Thematic Concerns of Post-Colonial Playwrights in Nigeria: Relevant Theatre as a trend in recent Nigerian plays




Journal Title

Journal ISSN



Volume Title


De Montfort University


Thesis or dissertation

Peer reviewed


While Nigerian playwrights active since independence are generally classified by their generation, this thesis argues that plays published since 1999 by members of different generations share common characteristics. Nigerian theatre underwent a change after 1999, the year when democratic government was restored in Nigeria following years of military dictatorship, and plays published after 1999 reflect this change. This change in Nigerian theatre is discussed by building on and theorising the category of African theatre called Relevant theatre. While Ahmed Yerima’s Hard Ground has been identified as an example of Relevant theatre, the thesis argues that other plays can also be seen in terms of Relevant theatre. I theorise the categorisation of ‘Relevant Theatre’ as a means of looking at plays that explore through their thematic preoccupations the socio-political and contemporary historical events in the country. Though certain plays published before 1999 could be called Relevant theatre, it is the post-1999 plays that make this trend visible in Nigerian theatre. Five plays are chosen for analysis, they are: Hard Ground by Ahmed Yerima, Hangmen Also Die by Esiaba Irobi, For Heroes and Scoundrels by Lekan Balogun, Third World War by Otun Rasheed and Dark Times Are Over? by Olu Obafemi. Their thematic preoccupations which range from a preservation of culture and old traditional beliefs to the struggle for survival, moral values and individual responsibility, present global issues, and a portrayal of the societal ills. By doing so it examines the way violence is presented in Nigerian plays in Relevant theatre. Most scholarly and critical reception of these plays have focused on violence as a result of political circumstances. This thesis however focuses more on the impact on the individual and on the family, raising questions about moral choices and dilemmas. An analysis of the aesthetics of African total theatre is offered in relation to the national model in postcolonial theatre. It is argued that the playwrights in a bid to aid their depictions of violence have introduced a number of experimental techniques into African total theatre.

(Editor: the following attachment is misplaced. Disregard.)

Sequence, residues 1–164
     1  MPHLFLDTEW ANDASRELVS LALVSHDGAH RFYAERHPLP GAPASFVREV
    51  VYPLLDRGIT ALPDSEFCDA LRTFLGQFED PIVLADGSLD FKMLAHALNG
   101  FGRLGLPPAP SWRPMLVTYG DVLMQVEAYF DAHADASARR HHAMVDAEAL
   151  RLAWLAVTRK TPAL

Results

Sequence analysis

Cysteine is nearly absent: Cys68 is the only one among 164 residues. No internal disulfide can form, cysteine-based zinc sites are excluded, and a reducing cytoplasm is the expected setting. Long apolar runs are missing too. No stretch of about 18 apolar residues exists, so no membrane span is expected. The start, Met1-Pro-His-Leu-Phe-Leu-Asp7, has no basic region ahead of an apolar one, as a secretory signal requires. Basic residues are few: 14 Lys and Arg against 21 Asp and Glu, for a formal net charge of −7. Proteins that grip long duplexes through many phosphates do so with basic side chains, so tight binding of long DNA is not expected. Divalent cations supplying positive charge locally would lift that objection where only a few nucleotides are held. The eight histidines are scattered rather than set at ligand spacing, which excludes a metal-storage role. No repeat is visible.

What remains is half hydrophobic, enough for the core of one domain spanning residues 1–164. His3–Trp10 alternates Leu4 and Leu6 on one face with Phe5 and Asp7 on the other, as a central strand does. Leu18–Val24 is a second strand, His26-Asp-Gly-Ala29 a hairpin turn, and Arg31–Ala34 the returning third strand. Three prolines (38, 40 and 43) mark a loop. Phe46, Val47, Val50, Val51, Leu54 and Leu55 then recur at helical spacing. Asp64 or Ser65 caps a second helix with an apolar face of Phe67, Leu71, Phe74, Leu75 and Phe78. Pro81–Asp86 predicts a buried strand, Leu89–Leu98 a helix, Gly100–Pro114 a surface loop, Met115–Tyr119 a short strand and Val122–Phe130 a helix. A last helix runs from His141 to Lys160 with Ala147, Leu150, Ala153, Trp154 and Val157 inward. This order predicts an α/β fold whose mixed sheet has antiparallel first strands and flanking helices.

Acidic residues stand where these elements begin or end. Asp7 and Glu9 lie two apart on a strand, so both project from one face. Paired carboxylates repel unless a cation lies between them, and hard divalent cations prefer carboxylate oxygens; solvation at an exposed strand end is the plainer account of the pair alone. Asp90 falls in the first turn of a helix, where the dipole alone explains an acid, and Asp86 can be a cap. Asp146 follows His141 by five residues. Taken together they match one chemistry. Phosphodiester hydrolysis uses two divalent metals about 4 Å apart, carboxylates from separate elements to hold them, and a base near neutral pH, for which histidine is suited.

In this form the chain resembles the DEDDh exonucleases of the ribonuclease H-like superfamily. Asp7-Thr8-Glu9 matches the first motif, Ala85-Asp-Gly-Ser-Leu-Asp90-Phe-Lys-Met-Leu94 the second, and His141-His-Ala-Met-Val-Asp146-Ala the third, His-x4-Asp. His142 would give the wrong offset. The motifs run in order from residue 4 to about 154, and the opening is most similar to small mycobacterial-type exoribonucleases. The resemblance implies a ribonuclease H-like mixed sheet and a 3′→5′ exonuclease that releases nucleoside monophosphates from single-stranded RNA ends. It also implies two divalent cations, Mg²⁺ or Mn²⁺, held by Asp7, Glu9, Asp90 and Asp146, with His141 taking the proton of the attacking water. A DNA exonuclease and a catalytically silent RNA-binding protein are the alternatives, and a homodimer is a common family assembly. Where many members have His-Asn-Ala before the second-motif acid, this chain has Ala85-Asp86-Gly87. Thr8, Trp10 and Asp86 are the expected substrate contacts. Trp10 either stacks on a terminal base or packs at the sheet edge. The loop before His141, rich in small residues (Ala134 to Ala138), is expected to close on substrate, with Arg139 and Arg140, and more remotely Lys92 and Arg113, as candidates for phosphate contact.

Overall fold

Research Institute